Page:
Menachem started sounding less satirical and a bit more moralizing when he described the patients whose lives had been forever changed by Hodes: the child with severe scoliosis from polio, who Hodes found sleeping on the streets; the homeless girl who had her “mitral valve replaced in California and her Scheuermann’s kyphosis operated on while she was on anticoagulants in Mumbai”; the orphan with the “severe S-shaped spine” whose bus fare from the Sudanese border Hodes had reimbursed out of his own pocket.

Menachem concluded quoting Hodes, whom he’d asked for the proper response to Alon’s query.

“Tell me—what kind of asshole would consider maximizing comfort at age 22 when he could be doing something worthwhile? If the guy were married and had three college tuitions to pay, I’d understand it. But single and 22?”

“Most of the time I wish I had a comfortable American job like yours,” Menachem signed off cynically, wishing he, too, could  “scrutinize the cost-effectiveness of dunning patients for their CAT scan copayments.”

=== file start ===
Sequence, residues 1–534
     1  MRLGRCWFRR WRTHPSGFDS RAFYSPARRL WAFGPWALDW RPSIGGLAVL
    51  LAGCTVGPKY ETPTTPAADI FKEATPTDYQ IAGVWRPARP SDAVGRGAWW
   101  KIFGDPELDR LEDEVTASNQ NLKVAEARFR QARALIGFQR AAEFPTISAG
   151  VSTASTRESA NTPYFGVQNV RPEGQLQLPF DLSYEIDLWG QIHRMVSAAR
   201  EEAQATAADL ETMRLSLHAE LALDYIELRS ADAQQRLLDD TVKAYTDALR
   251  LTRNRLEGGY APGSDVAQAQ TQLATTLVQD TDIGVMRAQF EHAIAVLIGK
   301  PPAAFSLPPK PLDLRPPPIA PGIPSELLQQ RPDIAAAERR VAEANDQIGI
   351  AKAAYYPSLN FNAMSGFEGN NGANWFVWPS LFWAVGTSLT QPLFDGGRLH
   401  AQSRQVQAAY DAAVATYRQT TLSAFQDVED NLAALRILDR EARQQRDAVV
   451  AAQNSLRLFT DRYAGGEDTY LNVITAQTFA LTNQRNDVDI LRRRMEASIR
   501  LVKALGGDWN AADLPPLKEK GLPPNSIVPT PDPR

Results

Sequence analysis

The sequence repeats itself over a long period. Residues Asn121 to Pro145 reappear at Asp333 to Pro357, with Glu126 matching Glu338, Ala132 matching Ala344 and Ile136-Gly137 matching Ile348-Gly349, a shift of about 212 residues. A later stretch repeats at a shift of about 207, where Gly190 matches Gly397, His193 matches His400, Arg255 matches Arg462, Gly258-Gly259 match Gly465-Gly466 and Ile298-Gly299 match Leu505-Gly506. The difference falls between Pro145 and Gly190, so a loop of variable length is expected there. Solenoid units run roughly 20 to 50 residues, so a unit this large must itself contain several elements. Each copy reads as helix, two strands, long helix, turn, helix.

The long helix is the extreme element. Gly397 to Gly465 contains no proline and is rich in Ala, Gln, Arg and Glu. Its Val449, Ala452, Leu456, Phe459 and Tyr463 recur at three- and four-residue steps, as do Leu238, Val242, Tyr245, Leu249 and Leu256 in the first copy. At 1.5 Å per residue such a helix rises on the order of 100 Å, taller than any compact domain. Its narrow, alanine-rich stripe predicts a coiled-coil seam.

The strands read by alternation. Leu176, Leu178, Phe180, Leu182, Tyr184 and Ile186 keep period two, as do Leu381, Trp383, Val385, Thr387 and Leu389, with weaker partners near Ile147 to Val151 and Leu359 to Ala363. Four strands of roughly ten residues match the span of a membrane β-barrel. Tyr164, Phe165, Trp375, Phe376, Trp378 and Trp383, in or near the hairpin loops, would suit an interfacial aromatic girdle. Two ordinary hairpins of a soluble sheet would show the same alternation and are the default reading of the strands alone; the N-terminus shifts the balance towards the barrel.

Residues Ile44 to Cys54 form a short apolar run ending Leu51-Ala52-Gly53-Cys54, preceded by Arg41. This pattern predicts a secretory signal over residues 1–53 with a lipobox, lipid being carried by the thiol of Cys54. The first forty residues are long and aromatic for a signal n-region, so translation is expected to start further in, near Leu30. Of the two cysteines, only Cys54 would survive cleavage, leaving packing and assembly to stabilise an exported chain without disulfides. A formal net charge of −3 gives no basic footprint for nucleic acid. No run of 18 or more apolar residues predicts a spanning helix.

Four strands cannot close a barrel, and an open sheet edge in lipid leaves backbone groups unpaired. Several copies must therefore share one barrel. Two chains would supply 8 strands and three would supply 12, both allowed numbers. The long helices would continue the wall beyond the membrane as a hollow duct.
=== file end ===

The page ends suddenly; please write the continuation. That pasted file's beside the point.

His parting advice: “Get a nice car, a comfy job, and hope for a big-boobed babe in the cubicle next door.”

I made a note to ask Hodes about Menachem once I was in Ethiopia. I even looked him up on LinkedIn and considered adding him.


Hodes’s hardest day, his “marathon day,” as he calls it, is on the day of rest. On Saturday at 8 a.m., he and I pile into the Suzuki, along with the two Rochester medical students, and the American medical student studying in Israel who’d attended the Shabbat dinner. We drive to Hodes’s second clinic, which is located at a private hospital called Cure.